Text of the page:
Cardiac Profile of Chimeric Antigen Receptor (CAR) T-Cell Therapy in Children: a Single Institution Experience.

TitleCardiac Profile of Chimeric Antigen Receptor (CAR) T-Cell Therapy in Children: a Single Institution Experience.
Publication TypeJournal Article
Year of Publication2018
AuthorsBurstein D, Maude S, Grupp S, Griffis H, Rossano J, Lin K
JournalBiol Blood Marrow Transplant
Date Published2018 May 14
ISSN1523-6536
Abstract

BACKGROUND: Immunotherapy with chimeric antigen receptor (CAR)-modified T-cells targeting CD19 for pediatric acute lymphoblastic leukemia (ALL) has demonstrated significant efficacy. The principle toxicity is cytokine release syndrome with resultant hypotension. However, the spectrum of cardiovascular effects associated with CAR T-cell therapy has not been systematically evaluated.

METHODS: We reviewed all patients who received CD19-directed CAR T-cells at the Children's Hospital of Philadelphia between April 2012 and September 2016. The primary endpoint was hypotension-requiring inotropic support. Secondary endpoints included echocardiographic dysfunction at discharge and 6 month follow-up. Descriptive and univariate analyses were performed.

RESULTS: 98 encounters were included [55% male, mean age 11.8 yrs (range 1.7-27.1)]; 98% had B-ALL. Prior to infusion, 10 had cardiomyopathy and 1 had single-ventricle physiology. Primary endpoint occurred in 24 patients with mean onset 4.6 days (range 1-9) after CAR T-cell infusion, including six patients receiving milrinone. Worsened systolic function occurred in 10 patients; there were no cardiac-related deaths. Pre-treatment factors associated with primary endpoint included higher pre-treatment blast percentage on bone marrow biopsy [blast > 25%: OR 15.5 (95% CI 5.1-47.1), p<0.001] and baseline lower ejection fraction (p=0.019) or diastolic dysfunction (p=0.021); neither pre-existing cardiomyopathy (p=0.062), total body irradiation (p=0.629) nor anthracycline dose (p=0.444) were associated. At discharge, seven patients had worsened echocardiographic function, but persistent dysfunction by six months follow-up was rare. Pre-treatment factors were not associated with persistent dysfunction at discharge.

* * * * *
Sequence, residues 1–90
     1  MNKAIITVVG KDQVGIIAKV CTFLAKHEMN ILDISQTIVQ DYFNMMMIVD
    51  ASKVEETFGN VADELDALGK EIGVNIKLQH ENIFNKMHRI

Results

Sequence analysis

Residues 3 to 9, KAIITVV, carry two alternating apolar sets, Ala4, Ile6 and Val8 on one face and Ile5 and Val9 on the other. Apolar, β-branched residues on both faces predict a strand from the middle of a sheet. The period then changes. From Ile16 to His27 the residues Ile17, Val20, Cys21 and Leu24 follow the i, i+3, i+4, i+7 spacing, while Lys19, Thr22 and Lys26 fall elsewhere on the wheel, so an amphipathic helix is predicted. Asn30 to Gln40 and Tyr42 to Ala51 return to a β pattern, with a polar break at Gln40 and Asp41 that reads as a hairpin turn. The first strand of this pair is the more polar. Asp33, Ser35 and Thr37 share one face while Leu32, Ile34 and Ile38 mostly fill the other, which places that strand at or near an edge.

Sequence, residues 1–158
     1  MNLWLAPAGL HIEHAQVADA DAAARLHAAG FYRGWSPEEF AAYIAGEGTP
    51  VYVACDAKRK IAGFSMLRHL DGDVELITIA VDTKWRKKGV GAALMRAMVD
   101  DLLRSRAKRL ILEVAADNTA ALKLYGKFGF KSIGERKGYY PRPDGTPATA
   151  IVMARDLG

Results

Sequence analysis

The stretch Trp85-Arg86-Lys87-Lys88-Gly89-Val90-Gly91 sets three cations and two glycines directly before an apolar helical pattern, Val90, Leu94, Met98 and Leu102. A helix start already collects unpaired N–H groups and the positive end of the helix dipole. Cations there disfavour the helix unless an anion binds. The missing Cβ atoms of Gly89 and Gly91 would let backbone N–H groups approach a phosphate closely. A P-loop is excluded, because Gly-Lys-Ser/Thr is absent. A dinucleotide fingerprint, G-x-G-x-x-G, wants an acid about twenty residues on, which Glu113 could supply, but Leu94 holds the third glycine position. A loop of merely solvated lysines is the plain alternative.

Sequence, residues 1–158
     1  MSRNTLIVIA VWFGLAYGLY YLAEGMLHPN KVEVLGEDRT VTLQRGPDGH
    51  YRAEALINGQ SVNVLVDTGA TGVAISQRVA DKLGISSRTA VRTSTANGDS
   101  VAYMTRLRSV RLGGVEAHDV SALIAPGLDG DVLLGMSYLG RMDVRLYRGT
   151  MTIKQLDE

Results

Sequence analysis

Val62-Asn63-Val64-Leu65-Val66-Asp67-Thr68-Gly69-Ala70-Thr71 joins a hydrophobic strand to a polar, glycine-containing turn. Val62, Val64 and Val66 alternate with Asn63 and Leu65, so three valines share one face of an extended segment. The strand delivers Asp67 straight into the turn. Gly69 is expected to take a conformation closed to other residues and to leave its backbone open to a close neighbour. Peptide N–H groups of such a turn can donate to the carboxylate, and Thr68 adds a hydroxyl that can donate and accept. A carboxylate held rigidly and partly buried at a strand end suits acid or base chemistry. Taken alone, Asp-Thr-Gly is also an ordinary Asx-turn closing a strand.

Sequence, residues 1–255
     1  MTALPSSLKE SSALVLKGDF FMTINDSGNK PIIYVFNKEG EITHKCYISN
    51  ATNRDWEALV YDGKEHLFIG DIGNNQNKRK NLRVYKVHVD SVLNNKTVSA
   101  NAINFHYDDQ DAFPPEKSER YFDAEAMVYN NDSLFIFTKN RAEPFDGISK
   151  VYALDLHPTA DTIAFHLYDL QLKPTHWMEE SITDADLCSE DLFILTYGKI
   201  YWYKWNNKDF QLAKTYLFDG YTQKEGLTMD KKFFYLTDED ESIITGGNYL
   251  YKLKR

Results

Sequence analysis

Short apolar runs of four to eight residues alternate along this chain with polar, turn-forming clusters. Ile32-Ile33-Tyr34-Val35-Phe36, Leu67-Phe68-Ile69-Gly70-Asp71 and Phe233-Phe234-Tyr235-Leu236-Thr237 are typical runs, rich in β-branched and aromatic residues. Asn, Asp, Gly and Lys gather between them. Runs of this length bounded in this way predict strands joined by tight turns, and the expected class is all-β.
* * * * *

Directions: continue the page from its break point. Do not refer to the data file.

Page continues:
CONCLUSION: This is the first study to describe the cardiovascular effects of pediatric CAR T-cell therapy. Although 10% had new systolic dysfunction after treatment, persistence was rare. Pre-treatment blast count > 25% or pre-existing cardiac dysfunction increased the risk for hypotension-requiring inotropic support; these patients may warrant close observation.

DOI10.1016/j.bbmt.2018.05.014
PubMed ID29772353